Windows and Internet Explorer are Vulnerable to FREAK Attack, Microsoft Confirms
Recently, the digital world was introduced to a new form of security threat called the FREAK attack. It exploits old security flaws to cripple modern day browsers and make them a heaven for hackers. The security vulnerability was found earlier this week by a team of security experts who revealed that decades-old encryption security running on mobile devices, Mac computers and iOS makes these platforms vulnerable to attacks.
At the time, it was thought that Windows and Internet Explorer are both safe from this cyber threat. However, according to Microsoft, that isn’t the case as millions of Windows PCs are at risk too.
Microsoft issued a warning to users, letting them know that they aren’t secure from FREAK attacks. Affected platforms include Windows RT, Windows Vista, Windows Server 2003, Server 2008 and all other public versions of Windows.
PCs connected with web servers using encryption technology are at risk. The technology is intentionally made weak to meet US regulations, who banned the export of the strong encryption.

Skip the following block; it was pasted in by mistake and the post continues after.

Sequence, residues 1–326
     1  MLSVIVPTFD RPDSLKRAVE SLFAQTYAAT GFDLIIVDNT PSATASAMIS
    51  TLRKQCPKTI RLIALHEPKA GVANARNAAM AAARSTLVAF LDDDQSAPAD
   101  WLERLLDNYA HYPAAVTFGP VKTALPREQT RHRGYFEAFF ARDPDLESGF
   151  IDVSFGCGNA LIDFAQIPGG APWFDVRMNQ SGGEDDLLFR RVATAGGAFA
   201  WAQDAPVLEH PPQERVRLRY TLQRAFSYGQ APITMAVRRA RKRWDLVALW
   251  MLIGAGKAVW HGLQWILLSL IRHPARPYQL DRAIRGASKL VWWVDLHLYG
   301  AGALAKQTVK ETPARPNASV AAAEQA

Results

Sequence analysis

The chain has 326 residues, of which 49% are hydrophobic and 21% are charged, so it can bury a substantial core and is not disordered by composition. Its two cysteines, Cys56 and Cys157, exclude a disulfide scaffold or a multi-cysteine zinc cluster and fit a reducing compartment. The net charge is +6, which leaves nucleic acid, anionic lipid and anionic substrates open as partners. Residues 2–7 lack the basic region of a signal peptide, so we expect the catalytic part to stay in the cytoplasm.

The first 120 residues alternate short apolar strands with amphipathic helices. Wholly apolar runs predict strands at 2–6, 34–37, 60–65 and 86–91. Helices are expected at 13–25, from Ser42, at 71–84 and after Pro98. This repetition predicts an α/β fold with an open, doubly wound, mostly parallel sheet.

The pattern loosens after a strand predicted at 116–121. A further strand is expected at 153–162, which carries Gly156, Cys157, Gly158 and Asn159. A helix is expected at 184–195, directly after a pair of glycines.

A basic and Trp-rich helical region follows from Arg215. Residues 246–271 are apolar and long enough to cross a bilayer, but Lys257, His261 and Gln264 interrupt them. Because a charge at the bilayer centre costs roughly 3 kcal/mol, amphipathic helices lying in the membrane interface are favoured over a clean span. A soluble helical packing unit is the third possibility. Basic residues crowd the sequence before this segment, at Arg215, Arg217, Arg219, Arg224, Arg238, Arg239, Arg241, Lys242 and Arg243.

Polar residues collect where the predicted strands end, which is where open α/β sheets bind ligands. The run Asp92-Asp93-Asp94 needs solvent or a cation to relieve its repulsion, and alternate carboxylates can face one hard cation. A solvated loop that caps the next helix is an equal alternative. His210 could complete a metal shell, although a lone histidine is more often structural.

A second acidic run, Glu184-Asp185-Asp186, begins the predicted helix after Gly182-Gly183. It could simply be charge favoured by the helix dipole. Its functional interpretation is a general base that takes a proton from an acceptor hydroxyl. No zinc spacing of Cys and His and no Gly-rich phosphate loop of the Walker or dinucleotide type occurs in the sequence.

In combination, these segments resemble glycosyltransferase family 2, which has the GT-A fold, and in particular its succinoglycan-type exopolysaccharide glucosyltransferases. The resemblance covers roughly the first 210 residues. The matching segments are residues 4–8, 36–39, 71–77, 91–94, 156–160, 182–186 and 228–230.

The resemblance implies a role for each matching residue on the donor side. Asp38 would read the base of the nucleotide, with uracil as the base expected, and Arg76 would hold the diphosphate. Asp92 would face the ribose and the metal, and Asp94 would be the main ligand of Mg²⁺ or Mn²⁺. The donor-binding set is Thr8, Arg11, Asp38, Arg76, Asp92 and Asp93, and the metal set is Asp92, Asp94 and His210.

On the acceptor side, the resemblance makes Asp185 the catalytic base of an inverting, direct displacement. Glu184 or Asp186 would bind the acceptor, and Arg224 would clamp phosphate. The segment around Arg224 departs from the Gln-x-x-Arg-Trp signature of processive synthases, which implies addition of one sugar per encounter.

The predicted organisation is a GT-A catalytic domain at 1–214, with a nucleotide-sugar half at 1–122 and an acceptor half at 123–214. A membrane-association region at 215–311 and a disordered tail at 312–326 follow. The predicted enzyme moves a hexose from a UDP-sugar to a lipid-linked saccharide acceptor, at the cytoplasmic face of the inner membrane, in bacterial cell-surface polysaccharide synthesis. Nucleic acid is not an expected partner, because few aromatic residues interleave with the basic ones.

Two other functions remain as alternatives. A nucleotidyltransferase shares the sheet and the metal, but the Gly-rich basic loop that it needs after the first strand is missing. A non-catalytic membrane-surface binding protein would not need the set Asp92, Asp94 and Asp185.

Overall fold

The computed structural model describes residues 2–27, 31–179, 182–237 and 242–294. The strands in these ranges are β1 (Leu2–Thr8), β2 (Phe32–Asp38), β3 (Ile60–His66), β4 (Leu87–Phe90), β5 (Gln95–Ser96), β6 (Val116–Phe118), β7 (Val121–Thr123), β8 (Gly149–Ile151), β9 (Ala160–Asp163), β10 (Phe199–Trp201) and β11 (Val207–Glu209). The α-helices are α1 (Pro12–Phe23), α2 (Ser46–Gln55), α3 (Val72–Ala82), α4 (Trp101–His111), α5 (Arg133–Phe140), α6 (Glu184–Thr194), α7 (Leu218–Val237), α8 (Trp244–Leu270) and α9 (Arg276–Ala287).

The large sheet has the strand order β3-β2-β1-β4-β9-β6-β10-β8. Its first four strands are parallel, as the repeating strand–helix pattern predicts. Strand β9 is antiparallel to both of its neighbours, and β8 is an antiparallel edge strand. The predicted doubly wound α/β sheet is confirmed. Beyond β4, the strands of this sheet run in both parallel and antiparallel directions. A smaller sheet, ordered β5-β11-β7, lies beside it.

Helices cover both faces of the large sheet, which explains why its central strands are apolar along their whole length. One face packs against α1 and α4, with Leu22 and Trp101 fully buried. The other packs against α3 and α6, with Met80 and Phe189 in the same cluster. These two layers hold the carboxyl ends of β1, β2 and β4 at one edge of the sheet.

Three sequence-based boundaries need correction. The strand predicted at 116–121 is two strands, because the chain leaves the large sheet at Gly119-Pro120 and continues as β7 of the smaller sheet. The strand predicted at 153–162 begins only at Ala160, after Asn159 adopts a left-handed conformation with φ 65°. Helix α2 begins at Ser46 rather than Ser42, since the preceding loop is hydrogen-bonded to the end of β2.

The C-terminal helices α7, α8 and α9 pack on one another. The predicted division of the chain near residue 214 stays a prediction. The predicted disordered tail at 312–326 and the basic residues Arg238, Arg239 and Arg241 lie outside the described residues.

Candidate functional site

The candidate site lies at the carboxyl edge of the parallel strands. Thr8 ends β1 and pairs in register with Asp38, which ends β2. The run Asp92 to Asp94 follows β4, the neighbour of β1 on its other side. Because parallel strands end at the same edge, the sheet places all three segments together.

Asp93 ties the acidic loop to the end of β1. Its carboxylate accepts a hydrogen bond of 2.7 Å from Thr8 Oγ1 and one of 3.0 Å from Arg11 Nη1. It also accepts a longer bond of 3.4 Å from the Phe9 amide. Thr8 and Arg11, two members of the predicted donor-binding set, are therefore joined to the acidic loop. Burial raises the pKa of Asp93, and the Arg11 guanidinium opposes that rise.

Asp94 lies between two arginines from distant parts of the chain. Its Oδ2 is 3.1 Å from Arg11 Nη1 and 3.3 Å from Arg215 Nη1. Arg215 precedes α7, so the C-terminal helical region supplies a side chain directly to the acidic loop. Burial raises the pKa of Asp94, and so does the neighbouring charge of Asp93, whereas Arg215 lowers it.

If hackers manage to crack it, they can spy on our communications and infect millions of PCs with malicious software.
For Windows users, the only available fix is to manually guide the system and tell which ciphers can be used. On the other hand, Google was quick to react and has released patch for its browser on Mac.
Firefox remains the most secure and is safe to use across all platforms. The issue with FREAK isn’t in the vulnerability of the encryption, it’s in how the government intentionally made it weak. The government standardized weak cryptography in an attempt to gain control.
The problem remained undetected for over a decade suggests that agencies like the NSA or the FBI could have been a victim of cyber attacks themselves, without even knowing it.
NSA thinks they have complete control but are they really the ones in control? Government agencies themselves provided a backdoor to hackers which we don’t know for how long and for what purposes could have been exploiting such vulnerabilities.